It’s not one or the other, it’s both. Oral and written traditions help us retain and develop our culture. We have to be open to change and new modes of communication.
GI: I found the cover art for Ora Nui mesmerizing – beautiful, powerful, political. Paula Green, on reviewing Ora Nui Issue 3, describes the journal as ‘a symphonic treat of art and writing’. Do you give your artists a brief? What role do you want the art to play in the journal? Do you have a favourite artist?
AB: I have tried giving Ora Nui a theme but it doesn’t work; people don’t write to brief. With the open submissions process, we get a sense of the current concerns of Māori literature. I wanted the images to provide pauses in the text, and be moments of reflection. Everything is connected. Beauty is the messenger.
GI: Our guest editor Vaughan Rapatahana asks: You have long been an advocate of tino rangatiratanga for Māori, especially after their colonised past history. Similarly and equally, you are also a strong advocate of the rights of ngā tamariki, LGBT, underprivileged and marginalised sectors of Aotearoa New Zealand society. What can writers and artists do to voice similar concerns in a literary culture that tends to ignore – indeed, sometimes even abnegate – such issues?
AB: We need to increase the diversity of voices in literature and this means we have to be proactive and search for them. I am used to working on large collaborative projects where Māori wellbeing is a concern. Sometimes I am the squeaky wheel but people respect that. You have to be resilient to work against the hegemony. Everyone benefits from diversity.
GI: What do you like to read? Can you recommend some up and coming Māori writers for readers to check out? How about any favourite flash fiction you’ve read recently?
AB: At the moment I am reading Shermaine Alexei’s memoir of his mother, You Don’t Have to Say You Love Me. It’s a mix of narrative and poetry. He’s also very funny and his recounting of life on the reservation reminds me of aspects of my family.
My favourite flash fiction right now – my own. There’s a story in the middle of my new short story collection Global Roaming titled ‘The Call’. I wanted it to be break in the middle of the collection, a short moment between the longer pieces. It’s about love and responsibility.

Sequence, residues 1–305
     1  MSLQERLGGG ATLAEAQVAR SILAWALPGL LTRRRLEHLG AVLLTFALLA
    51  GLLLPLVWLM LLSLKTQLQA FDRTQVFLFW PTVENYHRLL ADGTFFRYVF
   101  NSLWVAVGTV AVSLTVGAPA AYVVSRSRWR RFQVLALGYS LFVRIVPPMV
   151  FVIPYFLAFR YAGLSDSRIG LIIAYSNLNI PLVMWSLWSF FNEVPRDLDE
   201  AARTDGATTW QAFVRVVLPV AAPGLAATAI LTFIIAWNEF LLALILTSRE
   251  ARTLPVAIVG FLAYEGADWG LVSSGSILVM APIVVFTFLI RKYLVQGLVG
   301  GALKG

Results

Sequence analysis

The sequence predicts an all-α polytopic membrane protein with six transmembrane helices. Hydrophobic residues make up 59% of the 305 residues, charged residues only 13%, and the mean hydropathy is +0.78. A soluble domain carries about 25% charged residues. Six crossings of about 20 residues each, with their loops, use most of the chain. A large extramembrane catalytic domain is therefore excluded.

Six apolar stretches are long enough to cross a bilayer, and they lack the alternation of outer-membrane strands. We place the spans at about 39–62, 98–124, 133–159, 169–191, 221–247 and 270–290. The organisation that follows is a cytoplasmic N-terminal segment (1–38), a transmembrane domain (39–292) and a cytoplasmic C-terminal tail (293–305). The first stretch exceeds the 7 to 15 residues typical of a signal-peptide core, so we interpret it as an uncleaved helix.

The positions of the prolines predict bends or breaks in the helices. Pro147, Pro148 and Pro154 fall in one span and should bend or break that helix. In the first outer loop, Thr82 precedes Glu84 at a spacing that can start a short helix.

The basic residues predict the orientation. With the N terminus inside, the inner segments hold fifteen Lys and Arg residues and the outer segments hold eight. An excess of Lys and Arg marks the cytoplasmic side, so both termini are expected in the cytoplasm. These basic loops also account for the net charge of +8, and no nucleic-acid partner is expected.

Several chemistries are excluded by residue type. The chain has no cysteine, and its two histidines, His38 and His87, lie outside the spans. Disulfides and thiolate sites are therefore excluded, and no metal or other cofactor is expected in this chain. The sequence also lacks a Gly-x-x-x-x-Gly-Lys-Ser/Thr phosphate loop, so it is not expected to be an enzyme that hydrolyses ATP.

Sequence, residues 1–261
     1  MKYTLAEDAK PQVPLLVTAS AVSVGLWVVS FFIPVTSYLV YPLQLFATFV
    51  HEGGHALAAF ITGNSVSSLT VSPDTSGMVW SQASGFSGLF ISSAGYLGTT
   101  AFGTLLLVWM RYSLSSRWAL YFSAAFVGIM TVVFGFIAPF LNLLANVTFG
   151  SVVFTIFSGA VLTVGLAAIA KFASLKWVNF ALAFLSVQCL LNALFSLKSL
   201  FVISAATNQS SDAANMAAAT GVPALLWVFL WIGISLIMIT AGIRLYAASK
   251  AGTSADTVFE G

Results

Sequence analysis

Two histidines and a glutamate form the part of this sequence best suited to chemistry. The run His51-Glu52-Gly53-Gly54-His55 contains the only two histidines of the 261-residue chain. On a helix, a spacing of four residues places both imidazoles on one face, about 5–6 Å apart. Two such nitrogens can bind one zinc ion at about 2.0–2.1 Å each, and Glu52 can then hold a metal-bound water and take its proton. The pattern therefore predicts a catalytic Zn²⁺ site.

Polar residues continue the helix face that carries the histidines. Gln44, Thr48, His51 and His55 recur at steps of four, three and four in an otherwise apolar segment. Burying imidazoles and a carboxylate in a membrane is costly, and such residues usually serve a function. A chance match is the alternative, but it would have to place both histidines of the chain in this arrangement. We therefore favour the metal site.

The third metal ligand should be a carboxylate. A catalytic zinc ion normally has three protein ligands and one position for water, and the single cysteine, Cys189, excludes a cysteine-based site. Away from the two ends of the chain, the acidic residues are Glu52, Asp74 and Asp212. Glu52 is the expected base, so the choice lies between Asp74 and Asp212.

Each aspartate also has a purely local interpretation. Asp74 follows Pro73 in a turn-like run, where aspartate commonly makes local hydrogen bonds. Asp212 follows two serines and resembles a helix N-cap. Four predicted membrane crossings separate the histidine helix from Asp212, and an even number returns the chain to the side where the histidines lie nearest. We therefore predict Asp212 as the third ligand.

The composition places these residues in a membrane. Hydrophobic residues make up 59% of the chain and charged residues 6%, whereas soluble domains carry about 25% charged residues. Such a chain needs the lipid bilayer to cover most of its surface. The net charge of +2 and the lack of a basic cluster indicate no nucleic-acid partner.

Every single Māori writer in Ora Nui 3 is great, and I don’t want to single out my personal favourites. I’ve already flagged a couple. I am most drawn to writing that I can see myself in. I’d like to see more Māori writing fiction – short stories and novels – and literary non-fiction. We always get a lot of poetry submissions.
GI: Finally, what writing / publishing / editing projects are you working on now, and when can we look forward to their release?
AB: My short story collection Global Roaming will be available in shops and from my website in the next few weeks.
My next project will be a non-fiction title exploring how we can use the Treaty of Waitangi to transition to diversity and multi-culturalism. Many Māori are resistant to multiculturalism but I believe indigeneity and diversity can co-exist, they are complementary. Māori need to lead these discussions of cultural change.
After that work will begin on Ora Nui 4. And I’d like to start writing a novel, based on one of the short stories from Global Roaming.
Thank you, Anton, wonderful to korero with you.
Anton Blank (Ngāti Porou, Ngāti Kahungunu) has an extensive history in social work, communications, Māori development, public health and literature. Anton has held senior roles in the government and not-for-profit sectors, including Communications Services Manager at the Ministry of Education and Executive Director of the Māori child advocacy organisation Mana Ririki. He has maintained a significant media profile as a Māori child advocate and cultural commentator and was the Principal Investigator of the 2016 report Unconscious bias and education – a comparative study of Māori and African American students. Anton is also the editor and founder of the Māori literary journal Ora Nui.